We love and care for your canals and rivers, because everyone deserves a place to escape.

Mooring

Mooring a boat is usually straightforward, but there are rules you'll need to remember. Our handy guide makes it easy to know where, when and how to moor.

Many moorings are provided by private companies and we have a wide range of towpath moorings on canals. You can also consider joining and mooring with a boat club (Association of Waterways Cruising Clubs). These offer a strong sense of community and can often provide cheaper moorings because club members share maintenance tasks between them.

Shop around

Be prepared to shop around. Moorings are usually priced according to boat length and market demand, and there are waiting lists in some popular locations - particularly London, the south of England and the southern Midlands. For secondhand boat buyers, existing mooring rights do not usually come with the boat.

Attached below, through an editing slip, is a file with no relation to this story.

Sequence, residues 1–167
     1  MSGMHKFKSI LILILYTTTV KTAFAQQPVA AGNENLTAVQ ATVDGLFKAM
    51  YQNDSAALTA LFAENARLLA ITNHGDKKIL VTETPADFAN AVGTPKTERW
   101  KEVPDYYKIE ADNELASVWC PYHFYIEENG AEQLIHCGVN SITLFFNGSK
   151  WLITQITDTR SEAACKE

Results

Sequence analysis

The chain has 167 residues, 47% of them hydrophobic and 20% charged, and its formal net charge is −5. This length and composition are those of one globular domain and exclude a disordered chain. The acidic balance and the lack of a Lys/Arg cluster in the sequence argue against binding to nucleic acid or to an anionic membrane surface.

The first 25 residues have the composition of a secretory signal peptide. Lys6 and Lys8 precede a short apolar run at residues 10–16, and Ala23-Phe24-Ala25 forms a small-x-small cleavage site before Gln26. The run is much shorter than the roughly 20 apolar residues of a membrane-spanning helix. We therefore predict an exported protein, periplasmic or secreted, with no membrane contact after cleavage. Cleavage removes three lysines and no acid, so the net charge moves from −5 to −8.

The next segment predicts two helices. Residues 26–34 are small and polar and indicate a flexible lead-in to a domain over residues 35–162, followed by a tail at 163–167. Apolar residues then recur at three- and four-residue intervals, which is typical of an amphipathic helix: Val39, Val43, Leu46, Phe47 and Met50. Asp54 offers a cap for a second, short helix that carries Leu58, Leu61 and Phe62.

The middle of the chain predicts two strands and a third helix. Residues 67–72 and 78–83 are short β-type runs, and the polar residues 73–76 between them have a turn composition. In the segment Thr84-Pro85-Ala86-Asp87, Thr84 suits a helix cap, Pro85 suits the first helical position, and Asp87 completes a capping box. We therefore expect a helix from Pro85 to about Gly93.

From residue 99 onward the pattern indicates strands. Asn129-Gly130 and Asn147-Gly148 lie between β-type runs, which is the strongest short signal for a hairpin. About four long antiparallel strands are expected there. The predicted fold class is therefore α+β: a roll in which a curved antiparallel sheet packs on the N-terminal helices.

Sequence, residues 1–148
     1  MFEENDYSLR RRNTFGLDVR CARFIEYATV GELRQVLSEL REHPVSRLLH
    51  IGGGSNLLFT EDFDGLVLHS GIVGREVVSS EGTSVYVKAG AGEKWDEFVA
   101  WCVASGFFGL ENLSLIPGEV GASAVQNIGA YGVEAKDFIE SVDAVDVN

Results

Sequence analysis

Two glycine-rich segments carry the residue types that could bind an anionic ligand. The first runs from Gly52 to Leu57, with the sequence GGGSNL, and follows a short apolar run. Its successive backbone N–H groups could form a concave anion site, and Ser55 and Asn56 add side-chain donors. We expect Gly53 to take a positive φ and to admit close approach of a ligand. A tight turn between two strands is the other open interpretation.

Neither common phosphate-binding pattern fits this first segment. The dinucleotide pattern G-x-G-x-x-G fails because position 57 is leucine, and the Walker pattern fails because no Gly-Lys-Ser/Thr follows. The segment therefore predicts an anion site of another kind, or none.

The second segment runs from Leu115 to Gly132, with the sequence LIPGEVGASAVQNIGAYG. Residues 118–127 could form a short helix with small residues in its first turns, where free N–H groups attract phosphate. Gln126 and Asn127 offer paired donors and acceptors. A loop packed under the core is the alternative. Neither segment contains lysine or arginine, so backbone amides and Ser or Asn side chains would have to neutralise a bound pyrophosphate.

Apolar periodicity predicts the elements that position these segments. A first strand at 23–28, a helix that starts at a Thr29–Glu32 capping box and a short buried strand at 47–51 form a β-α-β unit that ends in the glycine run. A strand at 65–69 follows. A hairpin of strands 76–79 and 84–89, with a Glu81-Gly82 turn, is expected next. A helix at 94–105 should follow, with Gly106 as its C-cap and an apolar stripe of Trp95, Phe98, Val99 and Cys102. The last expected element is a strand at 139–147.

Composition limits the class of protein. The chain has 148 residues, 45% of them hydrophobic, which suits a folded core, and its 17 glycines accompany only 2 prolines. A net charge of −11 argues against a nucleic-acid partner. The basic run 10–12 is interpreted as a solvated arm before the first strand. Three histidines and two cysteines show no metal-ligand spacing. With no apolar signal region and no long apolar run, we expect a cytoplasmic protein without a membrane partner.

When you are on the move and looking for overnight stopping places, you may moor up on canal towpaths free of charge. The default maximum period that you can stay in the same place along the towpath is 14 days. Look out for signs that give more information, particularly at popular places.

Continuous cruising

If you have no ties (such as jobs, which tie you to one place or children at school), you can opt to cruise the canals non-stop, never staying at the same place for more than a fortnight. If you can't do this, then you'll need to have a home mooring before buying your licence.

A row of moored boats A row of moored boats

Last date edited: 24 March 2017